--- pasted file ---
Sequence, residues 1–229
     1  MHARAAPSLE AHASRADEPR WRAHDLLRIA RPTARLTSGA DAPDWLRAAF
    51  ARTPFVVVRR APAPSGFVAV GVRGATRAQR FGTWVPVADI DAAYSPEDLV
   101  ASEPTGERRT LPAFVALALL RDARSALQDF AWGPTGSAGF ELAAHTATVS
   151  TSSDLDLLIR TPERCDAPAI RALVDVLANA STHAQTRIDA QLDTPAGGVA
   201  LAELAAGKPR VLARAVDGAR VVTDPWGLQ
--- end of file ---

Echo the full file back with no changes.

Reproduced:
Sequence, residues 1–229
     1  MHARAAPSLE AHASRADEPR WRAHDLLRIA RPTARLTSGA DAPDWLRAAF
    51  ARTPFVVVRR APAPSGFVAV GVRGATRAQR FGTWVPVADI DAAYSPEDLV
   101  ASEPTGERRT LPAFVALALL RDARSALQDF AWGPTGSAGF ELAAHTATVS
   151  TSSDLDLLIR TPERCDAPAI RALVDVLANA STHAQTRIDA QLDTPAGGVA
   201  LAELAAGKPR VLARAVDGAR VVTDPWGLQ